Crunches Don’t Make Flat Stomachs, Hurt Backs…Maybe
Updated: Nov 11, 2020
If I was to guess, the abdominal crunch (partial sit-up) is the most popular exercise in the gym. Too many people are under the impression doing crunches will melt the fat away from their midsection. This is as wrong as a nun wearing garters. It just doesn’t work that way. Exercising a certain body part does not cause a direct decrease in body-fat in that area. You can not spot reduce adipose tissue. Unlike muscle cells, fat cells do not change after repeated bouts of mechanical stress. Many factors will combine to decrease or increase the adiposity in your abdominal region. Performing ab exercises will not directly affect the fat in your love handles, pouch and/or beer belly and may in fact cause you harm.
Crunches may actually increase the muscle bulk around your midsection and add to your girth. This is especially true for neophyte gym-goers. When you first start doing crunches the abdominal muscles will increase in size, pushing the fat farther out giving you the appearance of a larger waist. But as your body adapts and you begin to lose weight (due to diet, increased metabolism, cardio and weight training) you might start to see the beginnings of ‘boxes’ as your stomach muscles reach a threshold. The majority of crunchers don’t do 1 rep maximal sets (come to think about it, I’ve never seen it done) or progressively increase the load – plus the rectus abdominus has a limited capacity for hypertrophy. So don’t get your knickers in a twist, crunches won’t make you fat.
Like drugs, all exercises are dangerous and have the potential to cause great harm or good.
Depending on your goals and limitations you should weigh the pros and cons of all the exercises you select.
Strengthens lumbar flexion
Strengthens rectus abdominus
Increases nutrient flow to lumbar discs
Increases forward spinal flexion mobility
Potentially a performance enhancing movement
Puts a lot of stress on the lumbar spine (about 674 lbs. of force)
Uses a limited amount of muscles within the core
If you sit for more than 6 hours a day your lumbar spine is flexed (stretched) and your abdominals are shortened for that whole time which leads to a structural imbalance that crunches will make worse- eventually leading to an injury.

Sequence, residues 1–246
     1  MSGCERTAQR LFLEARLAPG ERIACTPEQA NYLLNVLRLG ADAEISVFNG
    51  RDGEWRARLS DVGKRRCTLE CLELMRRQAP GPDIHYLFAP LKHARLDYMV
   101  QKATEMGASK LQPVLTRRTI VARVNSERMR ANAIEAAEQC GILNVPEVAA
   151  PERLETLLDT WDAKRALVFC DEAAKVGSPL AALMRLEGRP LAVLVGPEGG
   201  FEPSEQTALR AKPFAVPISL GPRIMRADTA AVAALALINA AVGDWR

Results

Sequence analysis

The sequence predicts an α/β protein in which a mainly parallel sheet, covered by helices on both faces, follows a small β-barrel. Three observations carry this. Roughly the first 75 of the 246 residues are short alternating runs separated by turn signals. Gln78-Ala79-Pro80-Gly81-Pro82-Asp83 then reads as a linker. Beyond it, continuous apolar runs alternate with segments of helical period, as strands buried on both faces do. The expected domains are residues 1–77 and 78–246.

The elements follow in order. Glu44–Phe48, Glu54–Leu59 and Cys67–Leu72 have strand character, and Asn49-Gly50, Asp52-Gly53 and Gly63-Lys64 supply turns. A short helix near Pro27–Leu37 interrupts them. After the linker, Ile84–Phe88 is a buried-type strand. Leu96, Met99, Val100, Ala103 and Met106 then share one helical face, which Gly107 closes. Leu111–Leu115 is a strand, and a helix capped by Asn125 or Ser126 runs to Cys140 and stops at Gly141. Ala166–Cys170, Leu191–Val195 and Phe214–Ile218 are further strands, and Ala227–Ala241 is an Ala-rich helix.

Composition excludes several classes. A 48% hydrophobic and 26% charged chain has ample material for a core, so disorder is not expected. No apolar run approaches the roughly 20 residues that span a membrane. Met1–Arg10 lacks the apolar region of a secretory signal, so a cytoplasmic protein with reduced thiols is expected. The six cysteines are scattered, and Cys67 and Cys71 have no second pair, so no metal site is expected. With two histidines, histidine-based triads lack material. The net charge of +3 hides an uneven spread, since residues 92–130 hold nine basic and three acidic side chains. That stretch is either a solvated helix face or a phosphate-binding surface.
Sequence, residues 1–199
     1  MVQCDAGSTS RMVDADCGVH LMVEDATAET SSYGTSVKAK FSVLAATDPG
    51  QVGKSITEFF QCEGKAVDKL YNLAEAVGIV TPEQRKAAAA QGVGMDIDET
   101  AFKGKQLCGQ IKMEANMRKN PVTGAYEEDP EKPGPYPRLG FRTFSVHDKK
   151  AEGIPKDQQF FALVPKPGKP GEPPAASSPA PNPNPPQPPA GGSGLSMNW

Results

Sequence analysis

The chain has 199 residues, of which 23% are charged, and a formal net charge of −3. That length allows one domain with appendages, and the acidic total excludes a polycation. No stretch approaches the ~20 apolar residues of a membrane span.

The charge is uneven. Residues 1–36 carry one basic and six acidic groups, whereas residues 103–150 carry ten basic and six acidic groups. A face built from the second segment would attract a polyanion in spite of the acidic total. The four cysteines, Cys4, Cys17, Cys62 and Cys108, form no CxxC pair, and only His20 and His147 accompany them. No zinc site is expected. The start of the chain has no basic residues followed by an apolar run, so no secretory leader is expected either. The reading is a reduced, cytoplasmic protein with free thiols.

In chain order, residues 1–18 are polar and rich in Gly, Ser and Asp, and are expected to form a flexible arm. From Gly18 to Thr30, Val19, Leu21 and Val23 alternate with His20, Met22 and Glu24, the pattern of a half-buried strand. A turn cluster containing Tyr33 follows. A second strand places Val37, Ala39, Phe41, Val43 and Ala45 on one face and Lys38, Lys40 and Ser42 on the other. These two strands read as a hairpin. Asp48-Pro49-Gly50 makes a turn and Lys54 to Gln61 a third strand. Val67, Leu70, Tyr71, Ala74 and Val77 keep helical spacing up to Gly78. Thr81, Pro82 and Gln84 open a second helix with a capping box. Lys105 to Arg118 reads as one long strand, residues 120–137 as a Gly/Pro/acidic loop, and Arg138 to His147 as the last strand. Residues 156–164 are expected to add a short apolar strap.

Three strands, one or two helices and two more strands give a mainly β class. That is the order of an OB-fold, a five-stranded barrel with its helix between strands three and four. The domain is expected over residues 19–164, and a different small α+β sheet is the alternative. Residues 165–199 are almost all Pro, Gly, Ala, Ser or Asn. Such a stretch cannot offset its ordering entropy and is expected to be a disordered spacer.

Most people don’t bother to work the antagonist (opposing) muscles i.e. erector spinae and create an even larger imbalance which opens you up for injury
Crunches are stable and train a limited range with very little co-contraction from the stabilizing and secondary muscles. A crunch is functional for getting up from the couch and bed but that’s about it.
There are many professional athletes and gym-goers who have been doing 10’s of thousands of crunches in their lifetime and never been hurt. So should you stop doing crunches? That depends. If you have or are prone to lower back pain/injuries I would recommend doing a limited amount of spinal flexion (crunch) or slowly adapting to the movement over time. If strong trunk flexion is part of your fitness goals because it will help you with martial arts, boxing, throwing, gymnastics etc. then I would certainly keep crunches in your program.
The “core” musculature is in charge of stabilizing the spine, decelerating the body, preventing and creating middle and lower back rotation, flexion and extension. It takes many muscles to perform these feats and they need to work in specific patterns to pull it off. If your core training is limited to crunches you are likely building an asymmetrical house of cards. It is important to have a well-rounded core training program that properly engages movement patterns and builds better performance.
If you desire a flat stomach there are some better exercises to achieve this goal. Namely the plank and all of its variations (some listed below). This is such a great exercise because it engages your inner core musculature including your transverse abdominals (TVA). These muscles do more to flatten your stomach than any crunch will ever do. Your TVA (the stomach’s corset) is in charge of holding in your internal organs, protecting your spine, and stabilizing your trunk during all movement.
If you’d like to feel it work, put your hand on your stomach and cough. The tightness you felt is the TVA contracting. It is a common mistake to neglect the inner core muscles and work solely on the obliques and rectus abs. I’ve seen many people with six packs that still have weak inner cores. I call it a “fat six-pack”. This is due to one or two things: enervation of the inner core musculature specifically the TVA and/or hypertrophy of the internal organs due to steroids and human growth hormone.
If a flat stomach is your goal, the exercises listed below will engage your inner core (TVA, erector spinae, multifidus, longissimus, diaphragm and pelvic muscles) and help build a strong and stable unit.
Oscillating Plank on a Ball
Moving Plank Contralateral lifts
Low/High Wood Chops
Vacuum Exercise (isometric)
This is just a sprinkling of core exercises that don’t involve a crunch, there are many many more. Play around with your exercise program, hire a trainer and find what works best for you. The thing is if we didn’t spend most of our days sitting we wouldn’t have to work so hard for a flat stomach, to begin with. I guess this is another one of our first world problems.
2. S. Mcgill; Low Back Disorders: Evidence Based Prevention and Rehabilitation, Human Kinetics, 2002.
3. C, Richardson; C, Hodges; Therapeutic Exercise For Lumbopelvic Stabilization: A Motor Control Approach For The Treatment And Prevention Of Low Back Pain,
4. M. Siff; Supertraining; 1995.
Doug Joachim – NYC Personal Trainer www.JoachimsTraining.com